CASTEP is a fully featured first principles code and as such its capabilities are numerous. Aiming to calculate any physical property of the system from first principles, the basic quantity is the total energy from which many other quantities are derived. For example the derivative of total energy with respect to atomic positions results in the forces and the derivative with respect to cell parameters gives stresses. These are then used to perform full geome- try optimisations and possibly finite temperature molecular dynamics. Furthermore, symmetry and constraints (both internal and external to the cell) can be imposed in the calculations, either as defined by the user, or automatically using in-built symmetry detection.
The integrated approach starts in the theoretical realm. The first step is conceptualizing the constructs of interest. This includes defining each construct and identifying their constituent domains and/or dimensions. Next, we select (or create) items or indicators for each construct based on our conceptualization of these construct, as described in the scaling procedure in Chapter 5. A literature review may also be helpful in indicator selection. Each item is reworded in a uniform manner using simple and easy-to-understand text. Following this step, a panel of expert judges (academics experienced in research methods and/or a representative set of target respondents) can be employed to examine each indicator and conduct a Q-sort analysis. In this analysis, each judge is given a list of all constructs with their conceptual definitions and a stack of index cards listing each indicator for each of the construct measures (one indicator per index card). Judges are then asked to independently read each index card, examine the clarity, readability, and semantic meaning of that item, and sort it with the construct where it seems to make the most sense, based on the construct definitions provided. Inter-rater reliability is assessed to examine the extent to which judges agreed with their classifications. Ambiguous items that were consistently missed by many judges may be reexamined, reworded, or dropped. The best items (say 10-15) for each construct are selected for further analysis. Each of the selected items is reexamined by judges for face validity and content validity. If an adequate set of items is not achieved at this stage, new items may have to be created based on the conceptual definition of the intended construct. Two or three rounds of Q-sort may be needed to arrive at reasonable agreement between judges on a set of items that best represents the constructs of interest.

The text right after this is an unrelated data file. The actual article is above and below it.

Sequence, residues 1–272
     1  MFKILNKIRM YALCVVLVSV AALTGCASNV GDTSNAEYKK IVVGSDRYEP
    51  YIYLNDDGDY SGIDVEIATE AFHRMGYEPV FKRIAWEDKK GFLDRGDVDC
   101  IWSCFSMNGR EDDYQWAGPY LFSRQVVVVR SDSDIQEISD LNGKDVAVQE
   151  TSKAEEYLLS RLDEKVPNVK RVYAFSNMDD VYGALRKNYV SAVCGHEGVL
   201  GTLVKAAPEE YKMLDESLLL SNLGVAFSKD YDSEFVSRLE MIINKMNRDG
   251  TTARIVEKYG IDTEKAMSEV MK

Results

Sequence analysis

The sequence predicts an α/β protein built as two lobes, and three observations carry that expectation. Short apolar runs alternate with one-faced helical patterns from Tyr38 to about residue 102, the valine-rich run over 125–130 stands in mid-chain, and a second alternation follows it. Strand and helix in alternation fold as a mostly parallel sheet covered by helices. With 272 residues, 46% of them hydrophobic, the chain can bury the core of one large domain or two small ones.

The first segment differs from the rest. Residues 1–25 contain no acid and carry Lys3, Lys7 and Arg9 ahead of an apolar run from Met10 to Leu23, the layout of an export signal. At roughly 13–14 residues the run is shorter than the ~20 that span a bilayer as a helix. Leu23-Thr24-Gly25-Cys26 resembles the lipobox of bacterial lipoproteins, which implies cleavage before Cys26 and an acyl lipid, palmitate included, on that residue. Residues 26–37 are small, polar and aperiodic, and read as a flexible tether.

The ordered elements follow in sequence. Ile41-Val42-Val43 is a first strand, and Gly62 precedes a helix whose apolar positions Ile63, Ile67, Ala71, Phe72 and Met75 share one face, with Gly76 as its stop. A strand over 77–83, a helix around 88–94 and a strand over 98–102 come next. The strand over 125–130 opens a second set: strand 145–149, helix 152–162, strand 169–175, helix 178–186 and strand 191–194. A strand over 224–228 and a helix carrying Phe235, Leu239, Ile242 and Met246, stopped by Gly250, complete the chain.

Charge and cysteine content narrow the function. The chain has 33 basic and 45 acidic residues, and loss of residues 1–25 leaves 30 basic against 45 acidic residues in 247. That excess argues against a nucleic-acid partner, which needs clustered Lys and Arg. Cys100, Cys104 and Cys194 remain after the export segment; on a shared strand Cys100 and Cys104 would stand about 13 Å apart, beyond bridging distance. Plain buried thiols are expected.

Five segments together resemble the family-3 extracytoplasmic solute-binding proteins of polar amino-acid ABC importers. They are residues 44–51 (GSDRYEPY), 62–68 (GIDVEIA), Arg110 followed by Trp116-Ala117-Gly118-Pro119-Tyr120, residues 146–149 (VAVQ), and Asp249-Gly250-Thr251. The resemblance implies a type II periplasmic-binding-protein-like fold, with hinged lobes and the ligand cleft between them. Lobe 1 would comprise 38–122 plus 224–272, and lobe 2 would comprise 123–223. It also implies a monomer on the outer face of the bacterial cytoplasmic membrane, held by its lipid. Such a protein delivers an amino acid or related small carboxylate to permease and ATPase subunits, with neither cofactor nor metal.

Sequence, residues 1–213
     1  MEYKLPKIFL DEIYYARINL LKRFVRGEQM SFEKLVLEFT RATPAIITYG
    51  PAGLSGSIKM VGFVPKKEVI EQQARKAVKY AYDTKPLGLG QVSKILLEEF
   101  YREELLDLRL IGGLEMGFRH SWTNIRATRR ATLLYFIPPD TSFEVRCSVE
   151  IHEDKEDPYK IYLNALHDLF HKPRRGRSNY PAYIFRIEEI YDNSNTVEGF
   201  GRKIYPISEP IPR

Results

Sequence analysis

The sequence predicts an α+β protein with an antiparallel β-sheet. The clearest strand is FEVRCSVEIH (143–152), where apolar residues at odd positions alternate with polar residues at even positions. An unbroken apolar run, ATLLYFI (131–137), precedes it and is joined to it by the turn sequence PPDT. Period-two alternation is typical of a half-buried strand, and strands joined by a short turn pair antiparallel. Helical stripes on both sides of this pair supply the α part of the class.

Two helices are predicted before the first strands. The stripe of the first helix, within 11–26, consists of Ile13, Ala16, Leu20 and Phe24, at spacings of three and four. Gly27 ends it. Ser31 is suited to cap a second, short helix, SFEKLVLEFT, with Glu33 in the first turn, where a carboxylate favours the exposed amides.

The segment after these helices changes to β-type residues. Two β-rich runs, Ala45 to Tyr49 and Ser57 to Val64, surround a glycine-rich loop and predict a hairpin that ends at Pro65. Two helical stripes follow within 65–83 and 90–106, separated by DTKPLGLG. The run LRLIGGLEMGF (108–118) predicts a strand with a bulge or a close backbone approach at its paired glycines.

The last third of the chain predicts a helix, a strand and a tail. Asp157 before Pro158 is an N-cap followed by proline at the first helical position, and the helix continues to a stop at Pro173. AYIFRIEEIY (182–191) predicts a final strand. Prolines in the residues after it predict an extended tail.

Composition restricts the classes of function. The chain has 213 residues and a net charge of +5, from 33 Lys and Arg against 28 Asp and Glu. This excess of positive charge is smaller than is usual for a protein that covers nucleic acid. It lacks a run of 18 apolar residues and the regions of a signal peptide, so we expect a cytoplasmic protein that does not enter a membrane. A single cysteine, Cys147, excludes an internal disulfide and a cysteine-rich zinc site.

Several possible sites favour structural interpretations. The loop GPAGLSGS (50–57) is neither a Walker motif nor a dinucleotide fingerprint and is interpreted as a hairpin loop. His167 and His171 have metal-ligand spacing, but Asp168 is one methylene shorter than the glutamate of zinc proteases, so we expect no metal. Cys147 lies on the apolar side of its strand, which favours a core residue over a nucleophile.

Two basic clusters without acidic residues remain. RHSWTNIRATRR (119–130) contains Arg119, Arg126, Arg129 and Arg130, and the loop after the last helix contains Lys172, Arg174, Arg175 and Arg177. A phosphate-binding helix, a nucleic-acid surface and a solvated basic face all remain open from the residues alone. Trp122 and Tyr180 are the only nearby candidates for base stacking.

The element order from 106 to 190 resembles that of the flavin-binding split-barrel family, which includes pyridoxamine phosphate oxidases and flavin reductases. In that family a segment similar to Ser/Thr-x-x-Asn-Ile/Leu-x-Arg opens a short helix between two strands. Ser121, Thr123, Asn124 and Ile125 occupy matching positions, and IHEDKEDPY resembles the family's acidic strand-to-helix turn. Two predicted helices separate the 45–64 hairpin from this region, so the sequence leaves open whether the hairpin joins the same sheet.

discharging their duty to the learner but it is based on two fundamental fallacies that have always hampered educational processes – teaching is not synonymous with learning (Klionsky, 2004), and the possession of knowledge of an area does not guarantee the ability to perform in that area (Mazur, 2009). The importance of focusing on outcomes of curricula rather than inputs was first pointed out by Spady (1988) in relation to North American high school and elementary programmes. He proposed that course designers “work backwards” compared to conventional practice, which tended to start with teaching and content followed by an assessment which was related to the teaching. He suggested that a much more logical approach would be to look at the skills required – the outcomes – and work backwards from these to the required learning (Harden, Crosby, & Davis, 1999). Once the full range of outcomes appropriate to a veterinary professional curriculum is identified (NAVMEC, 2011; RCVS, 2014), valid assessment methods can be related to these outcomes to verify their achievement. In a modern curriculum, appropriate outcomes are much more than scientific knowledge and technical skills, including communication, collaboration, management, leadership, and cultural awareness (NAVMEC, 2011). From the outcomes and the assessment, it is clear to students what they must achieve to qualify, and this focuses both students and teachers on the support they need to facilitate appropriate learning.